Then you're offered a contract and you celebrate that small, wonderful miracle. Attractive cover and all, the book comes out. You get a few lauding reviews, and you're thankful, but at the same time you notice how many review venues, the national ones everyone desires and prays for, ignore your book. Just as they did with your first novel. You can rationalize their thinking, true. Limited available space for book reviews. The smallness of the press. The obscurity of the author. Etc. All the while the furious thinking is returning to condemnatory words: failure, loser. Giving up and not leading yourself into disappointment or self-doubt appears as an insight that has all the markings of True Wisdom. 
And at last a royalty cheque, paltry of course, well under half of what your first book earned, which in itself was nothing to brag about. Not enough be pay a month's rent. You joke that if you'd really wanted to earn tons of money, you'd have gotten a realtor's license. But still. You can't help but feel — and think, and zealously believe — that all of these events form a pattern that has an unpleasantly plain message woven right into it: by the measures that matter, your book was and is a failure. Ditto for you, since you're its author. How could anyone argue otherwise?

More on this later...



The above might come across as tiresome, whiny, and childishly self-pitying, I realize. There are moments when that’s more or less exactly what I tell myself. (Says my harsh inner parent: “Boo hoo, in the time it takes you to feel wallow in woe-is-me, a fellow human has died of starvation.”)
So, don’t get me wrong. Essentially, writing in itself has ordinarily felt like — and usually feels like — a worthwhile experience. Despite discouragement, I write and will no doubt continue to write. I publish just about whatever I do manage to finish. On good days I enjoy spending hours (how many of which is of course contingent on my full-time, real-life paying job) tapping on a keyboard and figuring what I want to say and how I’d like to phrase it.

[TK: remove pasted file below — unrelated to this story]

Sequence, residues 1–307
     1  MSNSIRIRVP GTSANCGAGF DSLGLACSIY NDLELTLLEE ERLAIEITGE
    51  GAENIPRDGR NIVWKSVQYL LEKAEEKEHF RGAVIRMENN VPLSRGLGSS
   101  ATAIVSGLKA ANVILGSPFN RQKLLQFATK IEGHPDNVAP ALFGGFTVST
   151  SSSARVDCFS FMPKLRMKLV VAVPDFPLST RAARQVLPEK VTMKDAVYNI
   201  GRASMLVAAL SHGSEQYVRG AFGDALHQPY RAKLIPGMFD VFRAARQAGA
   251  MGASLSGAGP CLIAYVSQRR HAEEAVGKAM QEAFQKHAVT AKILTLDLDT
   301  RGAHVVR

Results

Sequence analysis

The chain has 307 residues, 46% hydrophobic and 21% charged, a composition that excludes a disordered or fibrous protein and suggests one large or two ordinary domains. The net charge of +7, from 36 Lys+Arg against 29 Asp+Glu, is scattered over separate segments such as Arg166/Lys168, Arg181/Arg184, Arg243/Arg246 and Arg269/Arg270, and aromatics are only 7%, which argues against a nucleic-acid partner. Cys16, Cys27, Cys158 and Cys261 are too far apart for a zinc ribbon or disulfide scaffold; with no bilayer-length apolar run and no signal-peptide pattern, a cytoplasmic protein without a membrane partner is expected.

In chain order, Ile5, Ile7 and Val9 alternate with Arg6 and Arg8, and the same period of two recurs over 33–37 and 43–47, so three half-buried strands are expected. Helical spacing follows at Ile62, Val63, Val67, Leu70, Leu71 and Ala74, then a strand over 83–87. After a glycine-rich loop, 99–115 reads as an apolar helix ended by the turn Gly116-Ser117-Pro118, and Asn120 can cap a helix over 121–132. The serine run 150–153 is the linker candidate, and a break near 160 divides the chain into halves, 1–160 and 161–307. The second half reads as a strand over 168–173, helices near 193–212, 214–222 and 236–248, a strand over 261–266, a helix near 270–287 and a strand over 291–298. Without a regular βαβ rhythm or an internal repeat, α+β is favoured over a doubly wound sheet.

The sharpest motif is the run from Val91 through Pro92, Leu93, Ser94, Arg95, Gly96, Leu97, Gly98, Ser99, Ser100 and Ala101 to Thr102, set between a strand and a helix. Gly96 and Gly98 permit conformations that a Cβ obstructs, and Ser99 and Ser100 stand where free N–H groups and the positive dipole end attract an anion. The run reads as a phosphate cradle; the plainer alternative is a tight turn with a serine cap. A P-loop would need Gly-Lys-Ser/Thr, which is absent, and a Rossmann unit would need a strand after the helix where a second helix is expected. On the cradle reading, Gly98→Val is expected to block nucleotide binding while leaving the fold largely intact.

Still. As a hedonist and someone who doesn’t particularly want to loiter under a grey cloud mood or to feel that a chosen endeavour that could give me both pleasure and a sense of accomplishment is in fact not, I’m interested in stepping beyond a paradigm that I’ve fallen into (in part because that paradigm has become so normalized and widespread as to seem natural). 
And if I don’t want to accept the daily self-directed accusation (ie, low sales = failure, no prominent reviews = failure, no literary prominence = failure, no literary prize = failure, and so on), then it’s clear to me that opting out — says me, writing right now; send me a Giller nomination, and I’ll no doubt change my tune! — of a particular system or at least the mindset encouraged by that system, might be of stupendous benefit. 
What’s that system, you ask? Writing as a commodity that’s solely produced to be sold in epic numbers. 
As an enterprise and a kind of adjunct profession, publication — the single goal of writing when writing is a sales-driven profession — is often woefully lacking. If the measure of success is  sales and the pinnacle of that is sales plus recognition, then there’s no mystery why I don’t feel very contented with the contemporary version of ‘the writer’s life.‘ 
In large part that’s because in associating writing with the very word “profession” I’m necessarily also taking it closer to “business” (and with it toward entrepreneurialism and, ahem, marketing and sales). And once I’m there, comparing myself to a business results in the deflated states of mind mentioned earlier. If as a writer I’m also a business, then I have no doubt that I’m a flailing business, deeply in the red. Numbers don’t lie, right? If a small business, my doors would have shut years ago due to lack of customers interested in my unique inventory. Writing-as-business (that must thrive to remain afloat) and writer-as-brand (that constantly needs to grow its market) seems anathema to writing-as-art or writing-as-fun or writing-as-intellectual-activity because if the steady growth of sales is the primary goal of the business model, then finding ways of widening the market and moving more and more units becomes the primary purpose of the writer-as-entrepreneur. Anything less is backwards thinking, anti-business.